Coyotes in central Phoenix Part: 2
So, last week I wrote about a problem in our central Phoenix neighborhood distressing to us dog people: coyotes.
I had one lounging on my front yard and others have seen them sauntering through the ‘hood. These coyotes are not particularly scared of us and the Arizona Game and Fish Department advice of walking tough and acting big and frightening isn’t working.
Worried about my dog, the neighbor’s small dogs and kids playing at Encanto Park, where apparently a den of them live, I called my City Councilperson Laura Pastor.
The City Council’s advice about coyotes
I talked with a very nice guy there who said he would do some research and get back to me. After a lot of missed calls, we connected. Got to give him an “A” for effort.
First he suggested talking with neighbors who feed stray cats because the cat food and the cats themselves attract coyotes.
But we both realized that the kind-hearted people who do that may not want to stop feeding the cats and there is nothing that can be done about that.
Then, he suggested making sure all the garbage can lids were secure and not easy to open to deprive them of an easy source of food. Fair enough. I can do a quick survey of the alleys and report back to the city.
Lastly, he suggested super soakers. Apparently coyotes hate water as much as cats do. And a blast from a super soaker will annoy them enough to make them run off.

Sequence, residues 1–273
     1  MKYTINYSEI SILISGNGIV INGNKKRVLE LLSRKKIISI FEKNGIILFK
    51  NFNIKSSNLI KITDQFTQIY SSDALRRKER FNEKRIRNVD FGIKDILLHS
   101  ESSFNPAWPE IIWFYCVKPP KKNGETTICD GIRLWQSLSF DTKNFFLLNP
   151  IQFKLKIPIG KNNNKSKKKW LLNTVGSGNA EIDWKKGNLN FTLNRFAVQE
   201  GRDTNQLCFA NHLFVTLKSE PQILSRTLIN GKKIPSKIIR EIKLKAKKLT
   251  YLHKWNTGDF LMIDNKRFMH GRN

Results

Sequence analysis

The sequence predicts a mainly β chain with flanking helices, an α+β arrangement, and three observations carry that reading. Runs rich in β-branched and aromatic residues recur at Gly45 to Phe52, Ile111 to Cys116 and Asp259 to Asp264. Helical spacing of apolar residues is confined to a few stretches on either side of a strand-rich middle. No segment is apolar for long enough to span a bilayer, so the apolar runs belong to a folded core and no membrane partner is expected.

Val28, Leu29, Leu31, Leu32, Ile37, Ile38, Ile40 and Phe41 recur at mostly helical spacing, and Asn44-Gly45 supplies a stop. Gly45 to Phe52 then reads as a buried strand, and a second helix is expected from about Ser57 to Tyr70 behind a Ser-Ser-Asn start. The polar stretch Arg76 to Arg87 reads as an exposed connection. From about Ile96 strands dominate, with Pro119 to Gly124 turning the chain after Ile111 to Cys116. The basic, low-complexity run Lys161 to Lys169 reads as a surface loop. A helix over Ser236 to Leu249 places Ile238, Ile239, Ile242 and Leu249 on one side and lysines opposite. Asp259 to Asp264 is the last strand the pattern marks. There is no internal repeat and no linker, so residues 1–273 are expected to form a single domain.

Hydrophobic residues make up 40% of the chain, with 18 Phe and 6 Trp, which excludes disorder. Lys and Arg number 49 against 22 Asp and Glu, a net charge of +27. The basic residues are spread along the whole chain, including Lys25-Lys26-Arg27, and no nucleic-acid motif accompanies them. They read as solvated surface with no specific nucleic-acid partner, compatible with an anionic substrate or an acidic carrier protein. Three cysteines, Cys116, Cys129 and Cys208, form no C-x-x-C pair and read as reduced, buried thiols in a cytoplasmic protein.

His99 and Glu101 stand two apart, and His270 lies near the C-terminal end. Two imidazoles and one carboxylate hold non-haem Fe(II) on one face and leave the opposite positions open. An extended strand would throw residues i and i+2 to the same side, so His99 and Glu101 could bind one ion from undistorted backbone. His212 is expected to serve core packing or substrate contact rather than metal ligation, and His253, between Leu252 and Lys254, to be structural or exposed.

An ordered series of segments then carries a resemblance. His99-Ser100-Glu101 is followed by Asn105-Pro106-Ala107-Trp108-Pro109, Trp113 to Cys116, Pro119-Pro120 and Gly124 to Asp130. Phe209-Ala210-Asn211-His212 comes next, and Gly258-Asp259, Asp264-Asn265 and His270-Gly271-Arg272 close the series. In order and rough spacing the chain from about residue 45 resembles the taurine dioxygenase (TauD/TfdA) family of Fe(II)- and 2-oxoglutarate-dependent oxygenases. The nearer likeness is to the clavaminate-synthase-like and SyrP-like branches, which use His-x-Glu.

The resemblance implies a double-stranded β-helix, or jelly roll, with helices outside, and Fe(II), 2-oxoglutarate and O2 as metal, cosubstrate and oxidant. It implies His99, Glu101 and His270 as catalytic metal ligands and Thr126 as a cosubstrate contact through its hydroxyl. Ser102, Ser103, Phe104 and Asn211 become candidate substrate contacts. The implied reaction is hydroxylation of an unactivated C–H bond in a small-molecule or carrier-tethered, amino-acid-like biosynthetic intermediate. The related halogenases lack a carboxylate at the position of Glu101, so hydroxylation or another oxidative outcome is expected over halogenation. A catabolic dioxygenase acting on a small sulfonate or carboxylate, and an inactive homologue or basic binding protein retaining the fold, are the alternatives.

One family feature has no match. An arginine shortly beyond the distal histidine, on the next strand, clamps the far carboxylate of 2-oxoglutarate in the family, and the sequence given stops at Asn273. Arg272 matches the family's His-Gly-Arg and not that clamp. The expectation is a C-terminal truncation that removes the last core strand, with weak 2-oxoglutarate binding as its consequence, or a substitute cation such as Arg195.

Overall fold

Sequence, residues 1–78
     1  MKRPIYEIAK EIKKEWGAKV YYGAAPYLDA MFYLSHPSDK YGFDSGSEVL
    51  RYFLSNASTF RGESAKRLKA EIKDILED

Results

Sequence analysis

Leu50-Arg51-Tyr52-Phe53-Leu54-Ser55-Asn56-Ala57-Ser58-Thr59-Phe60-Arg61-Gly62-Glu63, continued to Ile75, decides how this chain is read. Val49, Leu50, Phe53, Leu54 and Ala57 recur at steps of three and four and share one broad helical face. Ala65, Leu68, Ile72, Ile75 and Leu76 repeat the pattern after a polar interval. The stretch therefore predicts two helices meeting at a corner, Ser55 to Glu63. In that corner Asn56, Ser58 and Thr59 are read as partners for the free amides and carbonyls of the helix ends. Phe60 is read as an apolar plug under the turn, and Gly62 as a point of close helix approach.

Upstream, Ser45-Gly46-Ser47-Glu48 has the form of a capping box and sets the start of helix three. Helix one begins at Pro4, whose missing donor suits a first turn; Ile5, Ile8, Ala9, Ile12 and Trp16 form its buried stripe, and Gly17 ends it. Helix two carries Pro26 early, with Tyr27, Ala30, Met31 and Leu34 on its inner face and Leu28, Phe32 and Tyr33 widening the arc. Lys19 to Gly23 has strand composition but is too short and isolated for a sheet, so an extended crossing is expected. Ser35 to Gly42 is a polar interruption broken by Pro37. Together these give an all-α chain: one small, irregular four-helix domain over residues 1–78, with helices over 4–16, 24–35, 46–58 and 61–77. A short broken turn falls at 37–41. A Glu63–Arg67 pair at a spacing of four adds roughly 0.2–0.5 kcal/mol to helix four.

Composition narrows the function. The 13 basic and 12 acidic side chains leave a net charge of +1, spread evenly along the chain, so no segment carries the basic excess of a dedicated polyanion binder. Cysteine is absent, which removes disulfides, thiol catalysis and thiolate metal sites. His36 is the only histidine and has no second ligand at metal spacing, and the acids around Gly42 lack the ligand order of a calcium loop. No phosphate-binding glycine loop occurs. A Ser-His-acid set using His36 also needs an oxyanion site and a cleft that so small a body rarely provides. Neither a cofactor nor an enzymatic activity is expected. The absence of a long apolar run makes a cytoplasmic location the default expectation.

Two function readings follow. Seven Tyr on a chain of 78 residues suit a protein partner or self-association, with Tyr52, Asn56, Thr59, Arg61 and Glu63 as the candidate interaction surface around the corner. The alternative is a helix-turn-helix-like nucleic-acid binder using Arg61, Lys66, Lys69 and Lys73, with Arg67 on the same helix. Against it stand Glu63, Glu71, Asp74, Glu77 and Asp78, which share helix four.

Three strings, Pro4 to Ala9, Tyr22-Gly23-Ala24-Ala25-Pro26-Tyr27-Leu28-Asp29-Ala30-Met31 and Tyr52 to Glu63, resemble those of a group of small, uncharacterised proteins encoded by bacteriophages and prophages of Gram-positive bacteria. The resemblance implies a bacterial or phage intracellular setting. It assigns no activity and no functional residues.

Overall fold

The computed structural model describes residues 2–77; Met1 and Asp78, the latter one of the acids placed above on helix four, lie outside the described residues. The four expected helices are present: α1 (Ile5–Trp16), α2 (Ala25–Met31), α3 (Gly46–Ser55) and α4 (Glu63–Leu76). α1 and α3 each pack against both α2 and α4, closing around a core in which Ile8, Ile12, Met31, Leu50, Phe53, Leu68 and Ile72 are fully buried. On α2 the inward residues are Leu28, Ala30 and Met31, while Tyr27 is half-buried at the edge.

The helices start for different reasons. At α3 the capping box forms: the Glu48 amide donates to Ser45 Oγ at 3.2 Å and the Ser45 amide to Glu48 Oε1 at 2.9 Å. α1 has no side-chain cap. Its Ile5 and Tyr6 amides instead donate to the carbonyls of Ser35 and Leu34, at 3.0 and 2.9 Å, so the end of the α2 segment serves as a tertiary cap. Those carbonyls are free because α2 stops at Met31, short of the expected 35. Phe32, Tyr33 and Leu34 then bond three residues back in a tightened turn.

I can get a super soaker and place it by the front door and blast at any coyotes from the safety of my screened front door. But I am not walking through my neighborhood streets, armed with a super soaker. Hell no. It gets dark early this time of year and the last thing my neighbors need to see is me walking through the streets with a suspicious weapon-looking like thing.
So, there’s the advice. Take it for what it is worth. The city is not calling out the coyote SWAT team.
What I am going to do
I’m sticking with the golf-club/cane as a deterrent; also I’m trying to walk with neighbors at the same time. And I’m talking with any neighbor I can find to tell them about the situation and get them to think about what they can do to stop this.
At times, I feel like I’m “chicken little” about coyotes — “the sky is falling and it’s raining coyotes” but there have been cases of dogs being attacked and there are a lot curious kids at Encanto Park who may confuse coyotes for a different type of dog. it just seems like more could be done.